St Paul's Church, Boughton

St Paul's Church, Boughton, overlooks the River Dee in the city of Chester, Cheshire, England. The church has been designated by English Heritage as a Grade II* listed building, and is an active Anglican parish church in the diocese of Chester, the archdeaconry of Chester and the deanery of Chester. In the series Buildings of England, the architectural historian Nikolaus Pevsner stated that he regarded it as "the boldest of Douglas' church designs".


The first church on the site was built in 1830 in stuccoed brick. Its style was Italianate with round-headed windows and a northwest campanile. The architect was William Cole the younger. It was virtually rebuilt in 1876 to a design by John Douglas, who added the south aisle in 1902, and the spire in 1905.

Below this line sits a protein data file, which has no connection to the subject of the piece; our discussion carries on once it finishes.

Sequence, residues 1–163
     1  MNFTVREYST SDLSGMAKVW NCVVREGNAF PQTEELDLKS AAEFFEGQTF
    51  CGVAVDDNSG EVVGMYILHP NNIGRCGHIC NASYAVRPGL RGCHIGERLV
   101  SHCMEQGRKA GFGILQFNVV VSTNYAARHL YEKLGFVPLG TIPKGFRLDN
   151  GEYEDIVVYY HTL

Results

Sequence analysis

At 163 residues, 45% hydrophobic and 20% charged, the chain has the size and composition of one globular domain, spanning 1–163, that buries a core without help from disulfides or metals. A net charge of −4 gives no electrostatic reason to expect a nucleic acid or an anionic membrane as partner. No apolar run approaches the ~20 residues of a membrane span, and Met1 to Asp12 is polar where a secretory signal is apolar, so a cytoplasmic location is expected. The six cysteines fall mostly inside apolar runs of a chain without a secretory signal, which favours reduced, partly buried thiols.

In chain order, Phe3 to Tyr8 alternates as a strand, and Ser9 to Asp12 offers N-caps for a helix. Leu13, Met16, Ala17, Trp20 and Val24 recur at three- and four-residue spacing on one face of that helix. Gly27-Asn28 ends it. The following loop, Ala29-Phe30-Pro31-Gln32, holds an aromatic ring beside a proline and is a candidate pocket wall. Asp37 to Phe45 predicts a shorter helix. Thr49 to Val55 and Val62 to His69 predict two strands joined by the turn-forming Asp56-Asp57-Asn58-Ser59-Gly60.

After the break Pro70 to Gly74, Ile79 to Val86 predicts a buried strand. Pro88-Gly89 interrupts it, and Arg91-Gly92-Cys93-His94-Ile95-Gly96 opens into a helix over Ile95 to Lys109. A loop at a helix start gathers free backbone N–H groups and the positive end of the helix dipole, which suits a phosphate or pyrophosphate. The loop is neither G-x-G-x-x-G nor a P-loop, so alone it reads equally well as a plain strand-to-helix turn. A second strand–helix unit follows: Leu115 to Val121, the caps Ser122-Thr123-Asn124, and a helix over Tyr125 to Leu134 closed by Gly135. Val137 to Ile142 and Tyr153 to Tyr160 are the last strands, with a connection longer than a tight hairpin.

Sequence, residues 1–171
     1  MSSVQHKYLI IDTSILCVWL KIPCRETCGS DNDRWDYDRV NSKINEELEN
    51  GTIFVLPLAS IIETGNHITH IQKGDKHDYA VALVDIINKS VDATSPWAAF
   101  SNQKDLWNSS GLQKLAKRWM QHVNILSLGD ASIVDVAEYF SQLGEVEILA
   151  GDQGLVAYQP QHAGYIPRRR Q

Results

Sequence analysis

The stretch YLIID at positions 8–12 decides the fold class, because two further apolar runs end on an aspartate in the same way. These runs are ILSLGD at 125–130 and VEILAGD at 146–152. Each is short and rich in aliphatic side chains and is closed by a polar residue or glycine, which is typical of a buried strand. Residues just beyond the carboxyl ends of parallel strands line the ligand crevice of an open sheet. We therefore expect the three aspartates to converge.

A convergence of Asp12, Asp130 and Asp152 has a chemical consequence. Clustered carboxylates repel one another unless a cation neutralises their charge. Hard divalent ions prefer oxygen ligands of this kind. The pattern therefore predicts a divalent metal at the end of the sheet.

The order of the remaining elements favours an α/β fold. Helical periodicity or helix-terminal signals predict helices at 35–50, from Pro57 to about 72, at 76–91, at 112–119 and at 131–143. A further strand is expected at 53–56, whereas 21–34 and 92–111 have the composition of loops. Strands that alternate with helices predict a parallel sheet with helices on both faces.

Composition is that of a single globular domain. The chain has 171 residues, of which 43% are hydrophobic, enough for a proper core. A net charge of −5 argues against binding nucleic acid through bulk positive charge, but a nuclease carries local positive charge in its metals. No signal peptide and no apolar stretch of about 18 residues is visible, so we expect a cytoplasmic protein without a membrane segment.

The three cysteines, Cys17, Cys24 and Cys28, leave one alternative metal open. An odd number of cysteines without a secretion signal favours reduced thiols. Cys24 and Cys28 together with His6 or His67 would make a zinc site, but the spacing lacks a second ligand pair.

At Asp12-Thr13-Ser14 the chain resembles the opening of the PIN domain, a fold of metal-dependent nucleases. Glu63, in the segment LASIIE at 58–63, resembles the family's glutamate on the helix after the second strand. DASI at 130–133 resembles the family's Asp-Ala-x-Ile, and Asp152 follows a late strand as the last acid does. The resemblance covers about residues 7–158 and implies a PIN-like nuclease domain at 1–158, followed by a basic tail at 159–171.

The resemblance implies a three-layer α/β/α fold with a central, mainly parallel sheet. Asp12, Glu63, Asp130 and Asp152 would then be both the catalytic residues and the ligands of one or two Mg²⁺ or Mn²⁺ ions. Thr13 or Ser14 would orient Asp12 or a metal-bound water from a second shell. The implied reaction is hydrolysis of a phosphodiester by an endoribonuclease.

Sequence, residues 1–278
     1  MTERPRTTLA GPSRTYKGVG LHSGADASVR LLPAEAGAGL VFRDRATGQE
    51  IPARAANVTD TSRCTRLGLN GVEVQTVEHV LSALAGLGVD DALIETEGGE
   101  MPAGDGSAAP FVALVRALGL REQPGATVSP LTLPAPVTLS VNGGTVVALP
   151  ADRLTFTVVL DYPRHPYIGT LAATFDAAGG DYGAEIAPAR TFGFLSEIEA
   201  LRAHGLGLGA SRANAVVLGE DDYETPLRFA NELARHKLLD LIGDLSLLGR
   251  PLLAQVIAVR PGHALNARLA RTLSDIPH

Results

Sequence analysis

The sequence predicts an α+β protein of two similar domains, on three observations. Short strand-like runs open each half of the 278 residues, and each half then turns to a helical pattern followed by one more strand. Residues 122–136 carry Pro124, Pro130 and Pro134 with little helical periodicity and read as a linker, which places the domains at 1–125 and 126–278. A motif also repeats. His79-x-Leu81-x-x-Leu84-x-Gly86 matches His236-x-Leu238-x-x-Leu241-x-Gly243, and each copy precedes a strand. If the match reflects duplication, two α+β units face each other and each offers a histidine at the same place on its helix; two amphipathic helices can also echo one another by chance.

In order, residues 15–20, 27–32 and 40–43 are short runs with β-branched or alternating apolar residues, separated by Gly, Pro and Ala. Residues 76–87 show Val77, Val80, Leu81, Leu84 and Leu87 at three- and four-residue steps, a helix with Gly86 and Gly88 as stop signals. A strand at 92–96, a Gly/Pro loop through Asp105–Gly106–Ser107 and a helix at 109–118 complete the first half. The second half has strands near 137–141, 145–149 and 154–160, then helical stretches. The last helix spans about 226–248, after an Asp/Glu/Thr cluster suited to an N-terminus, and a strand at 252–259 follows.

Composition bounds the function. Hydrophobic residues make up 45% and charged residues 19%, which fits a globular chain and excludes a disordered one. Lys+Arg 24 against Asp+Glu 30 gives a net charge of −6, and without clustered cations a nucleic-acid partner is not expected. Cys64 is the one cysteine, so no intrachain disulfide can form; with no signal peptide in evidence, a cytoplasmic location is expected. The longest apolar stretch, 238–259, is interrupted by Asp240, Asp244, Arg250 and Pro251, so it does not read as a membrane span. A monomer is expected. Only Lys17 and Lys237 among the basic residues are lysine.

The church is built in red brick with stone dressings and in timber framing with brick and plaster panels. The roof has grey and grey-green slates. Its plan consists of a through nave and chancel of four bays plus an apsidal bay, a south aisle, a west porch and a broach spire at the west end.


Pevsner commented that the strength of the interior lies in its timber-work. The walls are decorated with stencilled patterns in the Arts and Crafts manner. The wrought iron screen is also in Arts and Crafts style. The stained glass dated 1887 in the north aisle is by Kempe and that in the baptistry is by Frampton. The rest of the stained glass was designed by Burne-Jones and made by Morris & Co. The three-manual organ was built by James J. Binns of Leeds.